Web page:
Yes, it’s evident that I really enjoy this game. That said, I do have various disappointments with it. I always hate pointing out the bad parts of games I love, but, it comes with the territory. Here we go. I didn’t dig the music very much. At first it was really cute and upbeat, but over time, the way it constantly repeats itself in the stages, well, it just grated on me. I think in short bursts it’s fine, and I only end up muting it after listening for a bit, but overall, musically, I wasn’t satisfied. I don’t know how to explain it any better. I can’t think of the right words. The sound design otherwise works well, though. No complaints there. I think the inventory system is kind of awkward. I can only half get used to it, even playing as much as I have I still feel like it’s not great. It can feel cumbersome in the heat of the fight and I just felt like it could have been handled better. I thought enemy designs were kind of bland. I don’t think they’re awful, but I don’t think the general ‘bots you consistently fight are all that interesting. It never made me want to stop playing, but it is something I fixated on. The levels are kind of bland, too. While randomly generated in certain aspects, the overall look to many rooms just feels too generic and blah, especially in the Factory. Once again, it didn’t really make me want to stop, but it was always on my mind. There are times when you get stuck on corners or geometry in a level, especially while jumping, and you just hang there for a bit, waiting to be pummeled and you can’t do anything but wait. Same thing can happen with falling through the world. Luckily, the only times I fell through were when I was on an upper floor, so I just landed and made my way back up. I would have hated to see what would have happened if I was on the bottom and fell through the floor to nothingness…
The biggest issue I had with the game was its speed and camera system. As of a few days ago, the camera problem has been largely fixed, and I’m glad I waited for that to finish my review. When you first got in initially, there were no camera options, which meant that the speed of the swivel and movement all around was crazy fast, and you had to deal with it. It was tough going. I was constantly fighting with it. Heart moves really fast as it is, so getting used to that is a challenge in and of itself. Adding in the speed of the camera, well, it was a mess for me. Thankfully, as I said, late last week that was patched and you now have a few speeds you can clock it at. I thought I’d have an issue reducing it because I played so much with the default that I may have gotten too used to the “bad” camera. Nope, after dropping it down I was having an even better time with the game. I didn’t actually know a patch was coming for it, but I heard rumors and of course hoped it would be true. I’m grateful it happened. Trust me, even if you don’t know the former, you are too.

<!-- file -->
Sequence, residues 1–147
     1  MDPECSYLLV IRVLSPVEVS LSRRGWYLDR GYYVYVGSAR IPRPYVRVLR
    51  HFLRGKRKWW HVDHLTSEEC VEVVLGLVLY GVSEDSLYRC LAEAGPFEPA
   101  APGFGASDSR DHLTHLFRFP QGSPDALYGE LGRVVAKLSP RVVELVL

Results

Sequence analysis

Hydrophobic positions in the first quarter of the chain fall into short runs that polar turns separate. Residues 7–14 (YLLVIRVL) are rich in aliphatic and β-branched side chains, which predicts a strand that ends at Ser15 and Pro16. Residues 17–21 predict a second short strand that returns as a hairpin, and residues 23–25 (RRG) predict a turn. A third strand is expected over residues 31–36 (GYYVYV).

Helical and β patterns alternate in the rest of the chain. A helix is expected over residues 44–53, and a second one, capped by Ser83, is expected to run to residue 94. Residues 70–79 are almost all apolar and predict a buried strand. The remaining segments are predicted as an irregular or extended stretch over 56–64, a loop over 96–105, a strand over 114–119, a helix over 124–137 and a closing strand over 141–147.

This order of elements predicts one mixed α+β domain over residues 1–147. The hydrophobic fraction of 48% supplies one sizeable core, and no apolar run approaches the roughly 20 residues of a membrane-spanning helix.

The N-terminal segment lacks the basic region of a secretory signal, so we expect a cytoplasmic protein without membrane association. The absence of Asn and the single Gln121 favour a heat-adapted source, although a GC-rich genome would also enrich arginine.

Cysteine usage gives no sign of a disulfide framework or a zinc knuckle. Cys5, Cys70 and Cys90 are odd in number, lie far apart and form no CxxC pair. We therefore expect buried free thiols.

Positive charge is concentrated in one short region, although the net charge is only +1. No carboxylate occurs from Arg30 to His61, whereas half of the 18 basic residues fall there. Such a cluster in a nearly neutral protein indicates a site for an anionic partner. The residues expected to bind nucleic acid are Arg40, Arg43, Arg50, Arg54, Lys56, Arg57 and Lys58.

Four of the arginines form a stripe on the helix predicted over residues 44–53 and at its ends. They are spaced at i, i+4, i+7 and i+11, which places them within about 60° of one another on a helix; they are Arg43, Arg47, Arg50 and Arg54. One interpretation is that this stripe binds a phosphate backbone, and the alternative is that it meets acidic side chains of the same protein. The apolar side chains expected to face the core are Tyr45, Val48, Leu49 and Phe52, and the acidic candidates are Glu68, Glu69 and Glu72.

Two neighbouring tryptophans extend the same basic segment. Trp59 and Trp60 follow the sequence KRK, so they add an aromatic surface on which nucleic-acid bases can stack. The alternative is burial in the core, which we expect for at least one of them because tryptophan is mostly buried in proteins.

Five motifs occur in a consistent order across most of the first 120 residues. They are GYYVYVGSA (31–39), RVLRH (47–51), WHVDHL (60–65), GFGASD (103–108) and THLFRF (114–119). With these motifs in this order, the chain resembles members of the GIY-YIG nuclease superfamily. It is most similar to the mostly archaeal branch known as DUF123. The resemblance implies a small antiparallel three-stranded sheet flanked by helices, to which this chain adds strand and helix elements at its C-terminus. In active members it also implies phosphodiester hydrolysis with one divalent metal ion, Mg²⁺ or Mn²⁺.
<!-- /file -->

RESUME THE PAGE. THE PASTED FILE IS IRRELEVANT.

When it boils down to Achievement/Trophy hunting, like many rogue-ish games, you’ll need to plow through this many times. There are 20 Achievements to be had here, and trust me, they won’t be a cakewalk. One of them requires something very specific, and if anyone has it right now, well, unfortunately, they cheated to get it. I don’t want to spoil that for you, either, but you can easily find the list if you really want to know. Even though these won’t be a home run, they still could be fun to unlock, especially if you love the grind this game offers.
I said it a couple of times already, but I’ll say it again, I didn’t like this game when I first tried it out. No save, tough controls/systems to get used to, weird graphics (that I really ended up loving). All this dumped on me right from the start. Not only that, but the game is hard. HARD, like the olden days decades ago where you get dumped in and need to figure things out just to survive, and even then it isn’t a guarantee. I don’t usually mind that stuff, at all, but for some reason, here, I did. At first. I don’t know why, really. I think maybe it’s because I wanted this game to be something other than what it is. In the end, with as much fun as I had playing it, and as much fun as I expect to keep having with it on my way to 100%, I’m glad it wasn’t the unicorn I unreasonably wanted. This horse that was born is just fine on its own.
Heart&Slash is available now on PlayStation 4 and Xbox One for $19.99 and on Steam for $24.99, with a lower price after it leaves Early Access (likely to match the console price). A physical version is available on PS4 in some regions outside the US. A code was provided by BadLand Games for the purpose of this review.